I can’t imagine what it would be like shopping for a Halloween costume today. I haven’t worn an outlandish outfit in years (well, I did wear a dress during a pizza break during Here’s To Love! – but again, we’re going to stick with the Halloween topic people). I’m very much a jeans and t-shirt kind of guy. It seems a lot of people out there try to pick Halloween costumes that make them look sexy. I have to admit I’ve been guilty of that in the past (to successful and less successful degrees) but I have to say, I can’t imagine being a parent of a teenage girl having the Halloween costume conversation.
There we’d be, me and my loving daughter Shaneeqwa (she’d be white, but of fierce spirit) all close and happy together as we enter the costumer store. One minute we’re laughing together, talking about boys and drinking Starbucks and the next moment we’re having a very serious conversation about what is and isn’t appropriate for a thirteen year old girl to wear.
“You should go as a witch.” I say, suggesting the long black dress and broomstick.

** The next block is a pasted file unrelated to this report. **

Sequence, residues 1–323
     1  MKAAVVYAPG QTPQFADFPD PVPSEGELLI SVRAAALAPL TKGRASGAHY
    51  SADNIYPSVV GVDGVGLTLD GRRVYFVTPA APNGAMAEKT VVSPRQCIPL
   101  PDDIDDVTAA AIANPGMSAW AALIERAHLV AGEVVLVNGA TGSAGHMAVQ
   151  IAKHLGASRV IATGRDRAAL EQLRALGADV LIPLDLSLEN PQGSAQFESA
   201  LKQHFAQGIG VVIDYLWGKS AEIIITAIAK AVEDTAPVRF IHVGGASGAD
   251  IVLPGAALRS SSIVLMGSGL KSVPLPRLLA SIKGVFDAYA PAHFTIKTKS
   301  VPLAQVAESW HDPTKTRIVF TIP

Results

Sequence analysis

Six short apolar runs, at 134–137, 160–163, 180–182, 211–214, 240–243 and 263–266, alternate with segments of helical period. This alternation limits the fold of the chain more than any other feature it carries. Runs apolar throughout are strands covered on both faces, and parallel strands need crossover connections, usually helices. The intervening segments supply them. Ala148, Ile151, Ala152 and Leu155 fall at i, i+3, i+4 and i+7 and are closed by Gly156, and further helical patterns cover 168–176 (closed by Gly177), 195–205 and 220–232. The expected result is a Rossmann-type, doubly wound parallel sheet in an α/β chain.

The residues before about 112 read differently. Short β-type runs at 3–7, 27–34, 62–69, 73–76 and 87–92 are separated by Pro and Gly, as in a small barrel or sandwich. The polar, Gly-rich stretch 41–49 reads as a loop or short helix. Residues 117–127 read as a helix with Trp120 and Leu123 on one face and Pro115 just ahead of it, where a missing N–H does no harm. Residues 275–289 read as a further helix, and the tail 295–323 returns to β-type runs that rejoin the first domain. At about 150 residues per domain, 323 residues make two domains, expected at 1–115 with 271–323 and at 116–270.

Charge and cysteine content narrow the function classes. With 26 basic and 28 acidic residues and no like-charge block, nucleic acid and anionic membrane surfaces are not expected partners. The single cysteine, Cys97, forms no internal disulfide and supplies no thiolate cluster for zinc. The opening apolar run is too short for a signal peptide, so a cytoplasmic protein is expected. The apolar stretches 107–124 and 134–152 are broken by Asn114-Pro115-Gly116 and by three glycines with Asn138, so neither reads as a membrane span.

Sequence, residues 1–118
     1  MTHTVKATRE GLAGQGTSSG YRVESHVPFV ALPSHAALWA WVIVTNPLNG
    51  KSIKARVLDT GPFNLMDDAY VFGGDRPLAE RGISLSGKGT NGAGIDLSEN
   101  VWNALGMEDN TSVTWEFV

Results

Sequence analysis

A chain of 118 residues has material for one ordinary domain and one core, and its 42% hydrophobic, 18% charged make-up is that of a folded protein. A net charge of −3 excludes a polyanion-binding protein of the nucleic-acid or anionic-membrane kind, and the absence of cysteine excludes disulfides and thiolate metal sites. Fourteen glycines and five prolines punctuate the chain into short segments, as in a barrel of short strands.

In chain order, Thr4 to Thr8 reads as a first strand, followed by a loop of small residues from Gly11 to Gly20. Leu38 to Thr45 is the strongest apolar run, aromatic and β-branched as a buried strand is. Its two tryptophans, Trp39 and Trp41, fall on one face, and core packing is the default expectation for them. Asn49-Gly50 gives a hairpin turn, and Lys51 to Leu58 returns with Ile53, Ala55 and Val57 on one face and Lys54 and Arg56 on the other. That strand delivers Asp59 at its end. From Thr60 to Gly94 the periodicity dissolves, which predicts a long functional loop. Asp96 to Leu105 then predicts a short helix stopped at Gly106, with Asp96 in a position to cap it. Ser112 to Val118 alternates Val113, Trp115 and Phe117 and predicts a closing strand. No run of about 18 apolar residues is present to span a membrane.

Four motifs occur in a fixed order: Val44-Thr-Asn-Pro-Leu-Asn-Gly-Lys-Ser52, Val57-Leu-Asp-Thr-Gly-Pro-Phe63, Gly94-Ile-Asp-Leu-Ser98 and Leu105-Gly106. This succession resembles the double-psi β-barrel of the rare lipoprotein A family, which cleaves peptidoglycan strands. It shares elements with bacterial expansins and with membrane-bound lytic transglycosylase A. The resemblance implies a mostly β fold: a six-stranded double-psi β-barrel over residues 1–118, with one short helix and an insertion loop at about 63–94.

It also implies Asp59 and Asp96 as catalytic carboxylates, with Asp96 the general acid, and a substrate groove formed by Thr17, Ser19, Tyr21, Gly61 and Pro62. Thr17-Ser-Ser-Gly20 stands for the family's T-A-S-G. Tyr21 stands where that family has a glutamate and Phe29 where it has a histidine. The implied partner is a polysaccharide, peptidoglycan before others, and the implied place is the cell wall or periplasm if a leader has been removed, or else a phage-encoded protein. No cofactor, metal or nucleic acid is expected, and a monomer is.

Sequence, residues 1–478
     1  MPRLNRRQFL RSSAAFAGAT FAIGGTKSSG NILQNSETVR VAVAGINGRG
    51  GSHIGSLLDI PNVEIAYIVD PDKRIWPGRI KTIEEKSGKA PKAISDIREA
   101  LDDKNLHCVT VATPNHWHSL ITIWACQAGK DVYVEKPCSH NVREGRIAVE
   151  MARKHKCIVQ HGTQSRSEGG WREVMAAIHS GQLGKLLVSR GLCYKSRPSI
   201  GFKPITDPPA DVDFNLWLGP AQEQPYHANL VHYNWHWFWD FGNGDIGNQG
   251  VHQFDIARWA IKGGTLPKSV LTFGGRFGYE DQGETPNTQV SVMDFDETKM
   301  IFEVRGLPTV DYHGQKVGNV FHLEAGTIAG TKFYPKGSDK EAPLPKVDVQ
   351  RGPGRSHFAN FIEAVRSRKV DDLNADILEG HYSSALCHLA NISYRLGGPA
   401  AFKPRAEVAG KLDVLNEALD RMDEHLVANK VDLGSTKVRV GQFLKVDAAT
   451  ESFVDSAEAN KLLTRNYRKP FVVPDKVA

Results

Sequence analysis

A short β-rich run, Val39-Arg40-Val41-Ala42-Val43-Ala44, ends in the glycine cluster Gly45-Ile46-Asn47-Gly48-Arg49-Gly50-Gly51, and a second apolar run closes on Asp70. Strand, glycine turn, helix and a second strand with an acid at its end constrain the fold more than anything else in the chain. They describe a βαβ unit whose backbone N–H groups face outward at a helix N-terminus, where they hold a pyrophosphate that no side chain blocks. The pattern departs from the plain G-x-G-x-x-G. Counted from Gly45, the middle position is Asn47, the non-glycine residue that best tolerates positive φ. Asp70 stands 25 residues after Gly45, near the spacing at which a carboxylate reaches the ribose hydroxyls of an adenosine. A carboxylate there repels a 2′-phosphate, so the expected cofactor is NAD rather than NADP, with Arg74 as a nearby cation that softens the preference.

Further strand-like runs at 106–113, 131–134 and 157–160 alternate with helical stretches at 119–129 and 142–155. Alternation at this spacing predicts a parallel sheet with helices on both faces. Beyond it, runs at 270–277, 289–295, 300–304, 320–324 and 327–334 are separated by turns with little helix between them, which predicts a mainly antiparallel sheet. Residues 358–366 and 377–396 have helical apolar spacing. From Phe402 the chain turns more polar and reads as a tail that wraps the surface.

“What about this?” She replies, pointing to a hooker costume on the wall.
“Hmmm. It’s definitely an option sweetie, for some people. Not you. And besides, hookers are out this year.”
“Oh Daddy,” She laughs. “That’s Ke$ha, not a hooker.”
I stare at the costume. How could I have missed the dirt-smeared face and oily hair.
While there’s not much fabric to the costume the make-up and wig aren’t included and I don’t have that type of money. Shaneeqwa knows that and she backs off her point like the well-raised girl she is.
“How about this one?” I suggest.
“Dad. I’m not going as the Hamburglar.”
“People love the Hamburglar.”
“Not happening. What about this?”
“I don’t know sweetheart. A french maid? What if people confuse you for the help and start getting you to clean their house? You don’t want that. The Hamburglar, that’s a winner.”
Eventually our conversation would deteriorate until we’re both in tears and our relationship completely destroyed to the point that only years of therapy and prescription drugs can repair, but only after many painful, lost and lonely years.
That’s why I don’t have children. Really, it’s the absolute only reason